Patient-centered approach and new public management: confluence and paradox

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The search for efficiency and concentration on patient needs and satisfaction are at the heart of current approaches in terms of service quality [21, 42], collaboration and multi-professional and multidisciplinary coordination [18]. Indeed, the diffusion of integrative approaches marks the evolution of the health system in Japan as in all Western countries (eg new coordination professions [2], new socio-technical devices [17]). This phenomenon is due in particular to the demographic and epidemiological transition that is leading to an increase in the number of patients suffering from chronic diseases requiring comprehensive, continuous and multidimensional care. Two principles constitute the pillars of these new approaches to care

The patient-centered care: principles and contributions

Very different from institutions¬†deep tissue massage las vegas¬† or services-centered approaches, so-called “person-centered or patient-centered” approaches have been developed for the case of chronic patients. Indeed, if acute diseases represent a temporary break with lifestyle, chronic diseases mean a permanent loss of the previous condition [43] and require ongoing management to prevent or delay the deterioration of the disease. state of health of the patient. Also, the search for a better quality of care requires taking into account the clinical particularities of each patient, as well as the integration of their specific needs. The solutions proposed must, therefore, take into account several dimensions relating to both the situation of each person (socio-economically),.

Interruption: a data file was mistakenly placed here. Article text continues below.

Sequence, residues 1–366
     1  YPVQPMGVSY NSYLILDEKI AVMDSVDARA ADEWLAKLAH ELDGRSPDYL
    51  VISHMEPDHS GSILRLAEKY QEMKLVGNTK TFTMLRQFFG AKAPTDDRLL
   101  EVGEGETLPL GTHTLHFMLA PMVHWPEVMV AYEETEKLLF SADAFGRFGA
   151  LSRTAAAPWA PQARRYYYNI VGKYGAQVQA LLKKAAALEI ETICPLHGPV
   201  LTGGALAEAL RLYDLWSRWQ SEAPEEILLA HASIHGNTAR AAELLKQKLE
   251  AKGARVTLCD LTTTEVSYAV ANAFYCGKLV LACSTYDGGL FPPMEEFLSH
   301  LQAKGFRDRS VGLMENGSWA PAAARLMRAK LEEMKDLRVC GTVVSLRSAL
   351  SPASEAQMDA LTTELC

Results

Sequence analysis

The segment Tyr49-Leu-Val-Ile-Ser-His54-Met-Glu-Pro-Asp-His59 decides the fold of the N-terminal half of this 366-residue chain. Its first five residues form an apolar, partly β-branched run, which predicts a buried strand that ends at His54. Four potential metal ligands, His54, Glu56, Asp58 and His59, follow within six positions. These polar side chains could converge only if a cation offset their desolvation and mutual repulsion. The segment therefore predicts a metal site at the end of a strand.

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Service integration and its conceptual models

The integration of services is carried out as close as possible to the chronic patient through professional practices that allow the coordination of the clinical, normative and structural components of an inherently complex service offer. Such an integration project requires the development of innovative mechanisms and tools to be concretely mobilized by professional actors. Integration, therefore, requires a series of strategies, approaches, and methods that support service coordination and interprofessional collaboration to enhance the quality of care and services,, as well as patient satisfaction.

Service integration schemes must, therefore, concern both the clinical aspect of any professional practice and the organizational aspect of any complex intervention [15, 73-74]. The purpose of the coordination that results from this can not be reduced to the clinical dimension, either the professional acts performed for a patient, or the organizational dimension alone, ie the norms and rules of the institution, the organized labor and distribution of resources

Continuity of services (information continuity, relational and approach around the patient (management continuity), concerns the clinical coherence of the various interventions carried out in the patient’s situation